North New Jersey Casino Expansion Wars Continue
The war over whether or not New Jersey’s live casino-style gambling will be limited to Atlantic City continues in Trenton’s legislative chambers, where the war of words — and lobbying dollars — has refocused on the expansion bill that would allow video-terminal casino games at the state’s pari-mutuel facilities.
As we reported a couple of weeks back, a New Jersey Assembly committee bill gave its initial approval to a bill, A4255, that would create an exemption allowing such video-terminal gambling at the state’s pari-mutuel facilities. Monmouth Park and the Meadowlands are the primary supporters on the bill, which would naturally benefit Freehold Raceway as well. Yet the attention A4255 is now receiving includes foes from across New Jersey’s northern border, who played a big role in defeating last month’s statewide casino-development bill and who continue to work to keep New Jersey’ casino industry from having easy access to the mega-sized New York City metropolitan market.
According to a recent update at NorthJersey.com, the same group of existing casino interests that funded the “Trenton’s Bad Bet” series of political attacks on the failed casino referendum is back at it, this time with A4255 in its sights. Trenton’s Bad Bet maintains a website where it has pummeled all efforts by New Jersey to expand live gambling opportunities beyond Atlantic City.
The ongoing effort is funded by a mixed group of Atlantic City-based and out-of-state interests that have aligned in the competition-blocking efforts. Among those supporting Trenton’s Bad Bet are New York’s Yonkers and Aqueduct racetracks, plus the owners of the under-construction casino in the Catskills, Empire Resorts. Atlantic City’s Resorts Casino is also part of the astroturf lobbying group’s backing, which isn’t that surprising when you remember that Resorts Casino AC is operated by the Mohegan Tribal Gaming Authority, which also owns and operates the big Mohegan Sun operations in Connecticut and New York.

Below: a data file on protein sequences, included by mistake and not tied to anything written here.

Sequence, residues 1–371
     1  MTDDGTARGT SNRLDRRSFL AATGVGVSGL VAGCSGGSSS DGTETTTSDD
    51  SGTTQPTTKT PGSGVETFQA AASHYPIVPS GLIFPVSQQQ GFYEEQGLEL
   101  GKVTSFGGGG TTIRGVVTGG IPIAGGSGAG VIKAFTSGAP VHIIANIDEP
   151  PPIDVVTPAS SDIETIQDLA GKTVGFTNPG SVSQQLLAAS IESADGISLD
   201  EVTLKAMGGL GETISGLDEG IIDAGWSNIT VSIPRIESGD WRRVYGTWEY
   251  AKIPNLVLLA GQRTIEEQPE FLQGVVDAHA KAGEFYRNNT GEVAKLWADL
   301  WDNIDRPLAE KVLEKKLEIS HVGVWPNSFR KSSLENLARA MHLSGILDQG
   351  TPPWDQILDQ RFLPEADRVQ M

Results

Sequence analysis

In other words — and despite its title — Trenton’s Bad Bet is all about keeping New York and Connecticut gambling dollars in New York and Connecticut. The group spent at least $14 million on advertising in its successful targeting of last month’s casino referendum.
In a statement attributed to Trenton’s Bad Bet Executive Director Jim Cortese, the group reiterated its opposition to all such expansion legislation, including the new A4255 bill. Said Cortese:
“Less than a month after residents voted in record numbers against a ballot measure that would have allowed for expanded gaming outside of Atlantic City, North Jersey casino proponents continue their attempts to circumvent the will of the voters by pushing for expanded gaming in the form of video lottery terminals and internet cafes at New Jersey racetracks.
“This continued effort to expand gaming outside of Atlantic City after such a significant defeat at the ballot box is a slap in the face to New Jersey voters and reinforces the case that special interests will stop at nothing to get their way,” said Bill Cortese, executive director, Trenton’s Bad Bet. “New Jersey residents spoke loud and clear that Trenton should focus on more pressing matters starting with meeting pension obligations and ensuring school districts receive adequate funding – not on another attempt to expand gaming to the benefit of billionaire developers.
“Trenton’s Bad Bet remains committed to protecting the 30,000 New Jersey jobs and $2 billion in economic activity that would be lost by expanding gaming outside of Atlantic City. We will continue to work with coalition partners and have an active presence throughout the state in educating residents about the dangers of these new gaming expansion proposals.”
That said, the battle over A4255 will be closer than the lopsided casino defeat, even if many of the same forces are aligned on both sides of the battle. NJ Governor Chris Christie, who supported the failed casino referendum and subsequently ridiculed the state’s voters for giving the measure the thumbs-down, is on record as supporting A4255. Many of New Jersey’s powerful pro-gaming legislators are supporting the bill as well, and this time, the outcome wouldn’t be subject to a public vote.
As A4255 continues its legislative journey, we’ll keep tracking the story. New Jersey seems destined for another round of gambling expansion, even if its not quite clear in what form that expansion will occur.